James Hardie Weathers Housing Downturn

By Glenn Dyer | More Articles by Glenn Dyer

Shares in James Hardie ended up 3.7% at $18.50 yesterday after the Ireland-based construction materials supplier lifted its full-year profit 57% to $US228.8 million ($A331 million).

Despite that solid result, the company cut its final dividend to an unfranked 26 US cents, down from 30 US cents a year ago. With an unchanged 10 US cent interim, the full payout is 36 US cents a share, down from 40 US cents.

The reduction seems to more a bit of insurance in case there are problems in the US, Australia or European building sectors in early 2019-20.

Given the optimistic outlook, that doesn’t seem to be the case.

Certainly, the results for 2018-19 show Hardie shook off the weaker Australian housing market to lift revenue 22% to $US2.51 billion for the year.

That was driven by its acquisition of Fermacell in Europe and higher net sales in its North America Fibre Cement segment.

Hardie said net operating profit increased for the quarter and full year, driven by fewer-than-expected asbestos-related adjustments and higher gross profit, partially offset by higher income tax expense and general expenses.

Adjusted operating profit for the year, which excludes one-off items such as compensation payments to people claiming asbestos-related illness, was $US300.5 million ($A434.2 million), up 3% and in line with a downgraded outlook published in November.

Chief executive Jack Truong said the Australian and Philippines businesses led the way in gaining volume growth above that in their underlying market.

“This strong growth was achieved despite a continued, softening Australian housing market throughout the year,” Dr. Truong said.

James Hardie said it had received 568 asbestos-related illness claims for the year, a slight uptick on a year ago but 8.0% below estimates.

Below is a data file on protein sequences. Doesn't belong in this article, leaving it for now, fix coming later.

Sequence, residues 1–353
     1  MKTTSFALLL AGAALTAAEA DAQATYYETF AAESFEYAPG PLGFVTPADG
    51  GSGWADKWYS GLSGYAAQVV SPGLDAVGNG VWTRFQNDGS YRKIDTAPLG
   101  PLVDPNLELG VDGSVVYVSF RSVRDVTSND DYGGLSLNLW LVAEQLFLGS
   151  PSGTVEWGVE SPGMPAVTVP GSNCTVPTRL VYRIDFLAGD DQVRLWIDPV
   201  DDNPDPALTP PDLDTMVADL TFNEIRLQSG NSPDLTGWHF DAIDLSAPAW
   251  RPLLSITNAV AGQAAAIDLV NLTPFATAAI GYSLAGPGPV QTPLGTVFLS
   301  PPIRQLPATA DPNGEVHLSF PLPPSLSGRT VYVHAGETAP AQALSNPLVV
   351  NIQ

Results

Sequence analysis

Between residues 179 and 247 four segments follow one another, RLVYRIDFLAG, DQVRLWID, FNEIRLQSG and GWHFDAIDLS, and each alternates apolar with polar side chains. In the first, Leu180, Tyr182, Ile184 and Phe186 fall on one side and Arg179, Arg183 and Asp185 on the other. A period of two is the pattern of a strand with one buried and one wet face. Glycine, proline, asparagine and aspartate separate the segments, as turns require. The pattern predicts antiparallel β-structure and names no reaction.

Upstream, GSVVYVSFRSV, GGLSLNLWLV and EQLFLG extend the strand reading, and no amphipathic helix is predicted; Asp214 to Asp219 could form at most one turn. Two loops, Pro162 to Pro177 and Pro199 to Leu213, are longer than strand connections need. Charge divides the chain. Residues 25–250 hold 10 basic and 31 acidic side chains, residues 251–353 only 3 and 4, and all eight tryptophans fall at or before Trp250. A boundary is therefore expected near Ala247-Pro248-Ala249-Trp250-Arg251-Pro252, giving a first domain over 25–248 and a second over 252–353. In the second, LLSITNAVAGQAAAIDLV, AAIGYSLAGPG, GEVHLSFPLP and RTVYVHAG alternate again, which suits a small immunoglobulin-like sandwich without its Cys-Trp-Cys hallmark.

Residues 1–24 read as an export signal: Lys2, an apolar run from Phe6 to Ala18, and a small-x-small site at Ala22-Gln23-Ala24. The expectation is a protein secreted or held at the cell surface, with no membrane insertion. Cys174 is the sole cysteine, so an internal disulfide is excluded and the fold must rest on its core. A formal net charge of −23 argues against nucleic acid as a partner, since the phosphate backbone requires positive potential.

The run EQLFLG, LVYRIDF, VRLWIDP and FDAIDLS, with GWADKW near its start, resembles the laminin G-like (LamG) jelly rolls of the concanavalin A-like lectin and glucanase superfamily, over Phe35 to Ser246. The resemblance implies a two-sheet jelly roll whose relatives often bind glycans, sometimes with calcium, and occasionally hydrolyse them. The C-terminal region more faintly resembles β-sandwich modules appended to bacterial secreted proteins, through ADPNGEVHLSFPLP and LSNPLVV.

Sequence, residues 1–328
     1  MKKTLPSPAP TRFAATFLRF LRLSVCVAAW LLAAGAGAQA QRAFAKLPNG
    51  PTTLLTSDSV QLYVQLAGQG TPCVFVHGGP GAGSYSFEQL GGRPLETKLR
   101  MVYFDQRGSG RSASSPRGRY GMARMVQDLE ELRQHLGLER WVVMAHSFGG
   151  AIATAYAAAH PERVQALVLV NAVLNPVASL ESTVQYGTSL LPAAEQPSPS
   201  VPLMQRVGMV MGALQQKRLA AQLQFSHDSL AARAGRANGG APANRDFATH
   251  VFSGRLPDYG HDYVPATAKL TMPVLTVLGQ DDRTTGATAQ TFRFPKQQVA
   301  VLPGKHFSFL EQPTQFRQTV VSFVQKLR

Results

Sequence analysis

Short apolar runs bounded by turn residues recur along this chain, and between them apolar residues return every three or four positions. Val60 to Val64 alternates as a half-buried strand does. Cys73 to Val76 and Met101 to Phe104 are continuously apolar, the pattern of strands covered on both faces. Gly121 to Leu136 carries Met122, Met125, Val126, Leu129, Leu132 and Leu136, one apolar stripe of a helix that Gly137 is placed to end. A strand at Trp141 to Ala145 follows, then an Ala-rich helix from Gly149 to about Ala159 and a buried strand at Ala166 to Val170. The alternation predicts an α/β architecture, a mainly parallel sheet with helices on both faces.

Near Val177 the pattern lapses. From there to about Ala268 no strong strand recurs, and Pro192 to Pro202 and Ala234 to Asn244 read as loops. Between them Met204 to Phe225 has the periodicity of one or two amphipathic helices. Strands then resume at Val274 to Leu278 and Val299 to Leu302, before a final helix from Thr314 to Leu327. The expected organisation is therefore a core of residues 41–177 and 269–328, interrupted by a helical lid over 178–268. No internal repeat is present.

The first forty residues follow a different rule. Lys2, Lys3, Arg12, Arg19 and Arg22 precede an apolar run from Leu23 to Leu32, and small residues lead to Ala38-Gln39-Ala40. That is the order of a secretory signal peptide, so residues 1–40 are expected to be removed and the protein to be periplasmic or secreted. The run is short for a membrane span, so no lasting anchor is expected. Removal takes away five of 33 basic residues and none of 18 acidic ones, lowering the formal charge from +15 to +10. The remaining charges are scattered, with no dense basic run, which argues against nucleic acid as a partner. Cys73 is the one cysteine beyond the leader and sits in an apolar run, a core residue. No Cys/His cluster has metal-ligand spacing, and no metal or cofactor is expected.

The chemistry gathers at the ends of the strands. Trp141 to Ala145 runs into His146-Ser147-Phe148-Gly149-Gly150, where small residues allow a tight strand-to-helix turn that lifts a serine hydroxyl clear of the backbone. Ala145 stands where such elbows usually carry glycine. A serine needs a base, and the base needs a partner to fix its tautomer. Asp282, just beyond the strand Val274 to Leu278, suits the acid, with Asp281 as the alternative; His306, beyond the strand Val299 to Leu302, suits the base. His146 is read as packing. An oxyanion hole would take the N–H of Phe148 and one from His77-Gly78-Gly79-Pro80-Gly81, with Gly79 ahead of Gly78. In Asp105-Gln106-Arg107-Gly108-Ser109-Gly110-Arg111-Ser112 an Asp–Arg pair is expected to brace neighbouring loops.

The average asbestos claim settlement was 24% below estimates at $253,000.

The company said it also booked US$24.1 million discontinuation expenses, including costs related to the exit of its fiberglass windows business.

Looking to the current financial year the outlook was upbeat.

“We expect to see modest growth in the US housing market in fiscal year 2020. The single-family new construction market and repair and remodel market growth rates in fiscal year 2020 are expected to grow, albeit at a growth rate lower than that in fiscal year 2019. The Company expects new construction starts between approximately 1.2 million and 1.3 million,” directors said

‘We expect our North America Fiber Cement segment EBIT margin to be in the top half of our range of 20% to 25% for fiscal year 2020. This expectation is based upon the Company continuing to improve operating performance in our plants, improved net average sales price and mix, continued inflation for input costs and modest underlying housing growth.

‘In Australia, it is anticipated that our addressable underlying market will decrease in fiscal year 2020 compared to fiscal year 2019. Net sales from our Australian business are expected to continue to trend above the average growth of the domestic repair and remodel and single family detached housing markets in the eastern states of Australia.

“We expect our Europe Building Product segment to achieve year on year net sales and EBIT margin growth,“ the statement added.

Glenn Dyer

About Glenn Dyer

Glenn Dyer has been a finance journalist and TV producer for more than 40 years. He has worked at Maxwell Newton Publications, Queensland Newspapers, AAP, The Australian Financial Review, The Nine Network and Crikey.

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